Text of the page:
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Allied barton guards announce they are unionizing Credit: Dan Nessenson , Dan Nessenson

Penn AlliedBarton security officers gathered at the Button yesterday afternoon to garner support for their intent to unionize.

The workers complained of poor working conditions, carried “I am a human” signs and handed out fliers that read, “We love our jobs, but conditions can be better.” They denounced what they view as unfair promotions and demanded improved health insurance, more sick days and more vacation times.

All PennWalk officers and officers who patrol Penn Park, who are employed by AlliedBarton, will vote on April 11 on whether they want to be a part of the Philadelphia Security Officers Union, an independent union for security guards in the area.

AlliedBarton officers from Penn approached PSOU last February for help on how to unionize and better understand their rights. They raised awareness for their intent to unionize at the National Day of Action for Education rally on March 1.

The officers seeking unionization are under the management of AlliedBarton Security Services, a national security company Penn contracts with. The company has about 55,000 employees.

Penn Police officers, however, are employed at the University.

In an emailed statement, AlliedBarton said it “supports its officers’ right to choose to be represented by a labor union” and that it “strives to provide the best wages, benefits and training for all of [its] employees.”

However, officers claim they have been mistreated as employees.

“We seek conversation,” AlliedBarton patrol officer and part-time supervisor Joshua Hupp said at the rally.

Hupp, who has been with the company for over a year, said he and his colleagues are lobbying for salary increases and more sick days. He also questions the company’s promotion practices.

David Scott, who has been a PennWalk patrol officer for five years, cited many examples of problems he has with his employer.

“We get these orders barked down to us. We want to have the respect of having a conversation,” he said. “That’s the biggest thing the union will do for us. It would give us a voice.”

He added that he wants AlliedBarton to offer better health insurance and benefits.

“They expect us to go out and help everyone with a big smile on our faces,” Scott said. “It makes it really hard to get up and go to work everyday.”

Scott also has complaints about rules regarding bathroom breaks while on duty.

“We do the bulk of the jobs here — jump-starts, lockouts, finding missing people — but get no praise,” Scott said.

About 20 students and faculty members joined the officers at the Button.

Though AlliedBarton security officers aren’t employed by the University, some believe Penn should aid the officers in their cause.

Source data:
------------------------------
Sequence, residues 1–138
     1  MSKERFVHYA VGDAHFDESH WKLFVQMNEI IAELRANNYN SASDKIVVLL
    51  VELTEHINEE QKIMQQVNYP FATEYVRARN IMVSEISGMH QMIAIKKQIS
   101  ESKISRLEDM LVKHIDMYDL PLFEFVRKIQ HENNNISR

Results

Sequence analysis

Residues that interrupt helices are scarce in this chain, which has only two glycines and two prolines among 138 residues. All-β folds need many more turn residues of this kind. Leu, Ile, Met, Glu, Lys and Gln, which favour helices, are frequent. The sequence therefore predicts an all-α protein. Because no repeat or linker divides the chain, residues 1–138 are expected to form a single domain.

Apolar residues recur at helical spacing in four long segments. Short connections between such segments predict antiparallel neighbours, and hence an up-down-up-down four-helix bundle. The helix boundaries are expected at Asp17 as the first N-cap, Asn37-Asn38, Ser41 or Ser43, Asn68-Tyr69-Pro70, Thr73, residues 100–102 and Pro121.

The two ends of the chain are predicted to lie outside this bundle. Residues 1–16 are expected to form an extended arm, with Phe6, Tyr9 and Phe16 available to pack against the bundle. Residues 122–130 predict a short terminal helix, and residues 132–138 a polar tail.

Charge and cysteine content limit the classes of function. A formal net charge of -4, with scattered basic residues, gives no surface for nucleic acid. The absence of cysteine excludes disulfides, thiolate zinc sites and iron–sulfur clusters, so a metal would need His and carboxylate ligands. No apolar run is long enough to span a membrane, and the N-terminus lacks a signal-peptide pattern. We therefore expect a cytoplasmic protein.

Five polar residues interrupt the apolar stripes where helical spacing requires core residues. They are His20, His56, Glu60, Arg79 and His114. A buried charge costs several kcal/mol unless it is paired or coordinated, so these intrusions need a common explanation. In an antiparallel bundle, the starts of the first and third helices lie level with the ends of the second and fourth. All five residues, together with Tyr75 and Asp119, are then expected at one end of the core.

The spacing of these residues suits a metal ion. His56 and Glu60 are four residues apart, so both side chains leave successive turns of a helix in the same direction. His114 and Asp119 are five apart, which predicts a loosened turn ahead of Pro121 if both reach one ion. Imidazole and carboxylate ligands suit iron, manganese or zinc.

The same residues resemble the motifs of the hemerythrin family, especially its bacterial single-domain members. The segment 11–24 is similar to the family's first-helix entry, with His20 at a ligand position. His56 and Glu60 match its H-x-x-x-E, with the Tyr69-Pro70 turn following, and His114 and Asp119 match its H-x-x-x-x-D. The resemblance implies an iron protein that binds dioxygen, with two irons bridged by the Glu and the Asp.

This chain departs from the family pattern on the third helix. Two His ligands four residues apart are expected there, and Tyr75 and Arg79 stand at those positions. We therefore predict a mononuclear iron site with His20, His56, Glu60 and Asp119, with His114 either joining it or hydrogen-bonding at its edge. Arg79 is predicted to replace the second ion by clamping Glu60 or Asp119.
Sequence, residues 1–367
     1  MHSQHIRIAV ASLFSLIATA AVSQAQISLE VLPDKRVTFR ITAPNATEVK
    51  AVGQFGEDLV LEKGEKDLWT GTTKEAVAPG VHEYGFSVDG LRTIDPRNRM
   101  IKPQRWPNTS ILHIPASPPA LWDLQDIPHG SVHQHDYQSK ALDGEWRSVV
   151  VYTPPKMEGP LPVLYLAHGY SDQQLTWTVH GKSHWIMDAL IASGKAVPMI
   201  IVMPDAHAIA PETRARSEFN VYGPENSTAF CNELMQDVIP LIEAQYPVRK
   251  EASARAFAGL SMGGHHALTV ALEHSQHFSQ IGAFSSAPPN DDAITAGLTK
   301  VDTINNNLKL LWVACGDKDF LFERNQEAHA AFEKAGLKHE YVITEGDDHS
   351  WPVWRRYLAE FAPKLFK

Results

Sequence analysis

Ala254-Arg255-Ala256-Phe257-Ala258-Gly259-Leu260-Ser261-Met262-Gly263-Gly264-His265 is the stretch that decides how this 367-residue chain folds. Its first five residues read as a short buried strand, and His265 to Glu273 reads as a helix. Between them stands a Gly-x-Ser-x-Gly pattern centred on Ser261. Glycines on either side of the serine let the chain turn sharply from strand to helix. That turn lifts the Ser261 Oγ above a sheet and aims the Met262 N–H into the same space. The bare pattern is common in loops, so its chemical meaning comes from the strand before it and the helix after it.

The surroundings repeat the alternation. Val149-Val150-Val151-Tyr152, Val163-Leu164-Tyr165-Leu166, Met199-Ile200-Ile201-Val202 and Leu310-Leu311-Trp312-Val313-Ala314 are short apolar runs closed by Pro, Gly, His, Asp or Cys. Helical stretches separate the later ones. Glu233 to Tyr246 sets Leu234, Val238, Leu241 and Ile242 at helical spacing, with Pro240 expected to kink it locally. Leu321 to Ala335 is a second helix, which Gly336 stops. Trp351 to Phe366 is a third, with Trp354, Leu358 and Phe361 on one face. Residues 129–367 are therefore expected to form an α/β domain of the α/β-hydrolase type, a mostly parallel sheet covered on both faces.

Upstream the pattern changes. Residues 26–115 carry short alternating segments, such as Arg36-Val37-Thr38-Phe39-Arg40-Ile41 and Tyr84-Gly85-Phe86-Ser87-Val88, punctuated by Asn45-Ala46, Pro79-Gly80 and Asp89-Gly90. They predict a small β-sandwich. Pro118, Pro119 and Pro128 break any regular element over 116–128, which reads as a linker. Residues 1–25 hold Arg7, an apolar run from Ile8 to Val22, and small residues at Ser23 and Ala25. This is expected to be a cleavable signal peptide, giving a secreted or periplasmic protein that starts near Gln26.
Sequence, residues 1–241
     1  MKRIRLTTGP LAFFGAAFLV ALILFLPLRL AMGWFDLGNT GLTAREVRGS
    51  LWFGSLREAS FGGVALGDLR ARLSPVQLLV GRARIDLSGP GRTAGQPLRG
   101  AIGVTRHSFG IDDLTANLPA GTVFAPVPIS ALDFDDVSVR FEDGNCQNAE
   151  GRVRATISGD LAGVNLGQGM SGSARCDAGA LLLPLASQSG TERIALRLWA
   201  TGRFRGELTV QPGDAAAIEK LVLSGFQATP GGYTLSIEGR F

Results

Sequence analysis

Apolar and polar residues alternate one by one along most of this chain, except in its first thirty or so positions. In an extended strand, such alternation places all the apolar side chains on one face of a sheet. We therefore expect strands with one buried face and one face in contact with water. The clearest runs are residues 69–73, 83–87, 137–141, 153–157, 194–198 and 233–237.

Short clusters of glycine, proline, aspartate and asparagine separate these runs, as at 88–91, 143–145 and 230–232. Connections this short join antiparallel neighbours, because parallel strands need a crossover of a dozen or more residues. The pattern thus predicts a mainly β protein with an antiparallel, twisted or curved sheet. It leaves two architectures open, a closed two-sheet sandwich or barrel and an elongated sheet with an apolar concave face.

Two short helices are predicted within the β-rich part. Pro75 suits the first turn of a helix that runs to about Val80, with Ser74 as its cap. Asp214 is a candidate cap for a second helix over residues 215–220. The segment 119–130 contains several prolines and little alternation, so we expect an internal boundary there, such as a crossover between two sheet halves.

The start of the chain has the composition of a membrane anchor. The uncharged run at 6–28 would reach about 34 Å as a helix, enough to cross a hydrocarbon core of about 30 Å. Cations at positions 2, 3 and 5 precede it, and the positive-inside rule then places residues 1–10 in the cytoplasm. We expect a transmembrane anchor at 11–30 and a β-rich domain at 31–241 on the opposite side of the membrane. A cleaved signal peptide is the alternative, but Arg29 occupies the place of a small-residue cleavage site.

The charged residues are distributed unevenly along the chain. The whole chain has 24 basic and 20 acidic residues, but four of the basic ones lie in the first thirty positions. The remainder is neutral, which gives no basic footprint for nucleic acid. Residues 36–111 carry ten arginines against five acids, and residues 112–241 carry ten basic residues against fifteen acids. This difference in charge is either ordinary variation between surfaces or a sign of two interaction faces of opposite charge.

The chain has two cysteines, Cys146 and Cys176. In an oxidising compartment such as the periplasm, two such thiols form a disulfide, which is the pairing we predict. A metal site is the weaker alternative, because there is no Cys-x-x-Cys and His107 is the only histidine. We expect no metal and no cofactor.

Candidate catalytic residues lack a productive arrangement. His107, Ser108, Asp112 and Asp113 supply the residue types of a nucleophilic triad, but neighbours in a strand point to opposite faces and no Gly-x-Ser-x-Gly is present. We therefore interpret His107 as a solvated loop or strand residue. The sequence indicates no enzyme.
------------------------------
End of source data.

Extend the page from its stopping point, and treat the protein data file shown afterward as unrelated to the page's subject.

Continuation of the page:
“Penn plays a role in it,” PSOU organizer Fabricio Rodriguez said. “What we’ve been able to prove over the years at Penn is that at the end of the day, the client — UPenn — has a say in how people are treated on campus.”

In 2008, Penn intervened, resulting in a wage raise from $9.70 to $15 an hour for roving security guards.

However, when asked about the current situation, Vice President for Public Safety Maureen Rush said “we do not get involved in any personnel or unionization issues.”

In 2005, five officers were suspended after handing Penn President Amy Gutmann a petition asking for improved working conditions.

“Workers and security guards are part of the community at Penn, so for them to be able to speak as a group is crucial,” said Wharton senior Russell Trimmer, a member of the Student Labor Action Project — a student labor rights group on campus. “There’s definitely a fuzzy line between what is University and what is not. Penn has a responsibility to help make an impact.”

College junior and SLAP coordinator Meghna Chandra said, “Just from a moral ethical standpoint, we definitely need to do something about it.”

Another union, Service Employee International Union, is trying to represent the Penn AlliedBarton officers, but the officers are resisting its efforts.

Corey Dowdle, an officer for three years now, said that after the 2005 agreement between AlliedBarton and SEIU, SEIU agreed to stay out of Philadelphia.

Hupp explained that National Labor Relations Board rule stipulates that SEIU cannot represent them. He questions SEIU’s intentions and believes that if they represented them, it would “slow us down.”

This article was revised to reflect that a vote among AlliedBarton security officers on whether they want to be part of the Philadelphia Security Officers Union will take place April 11, not April 12.

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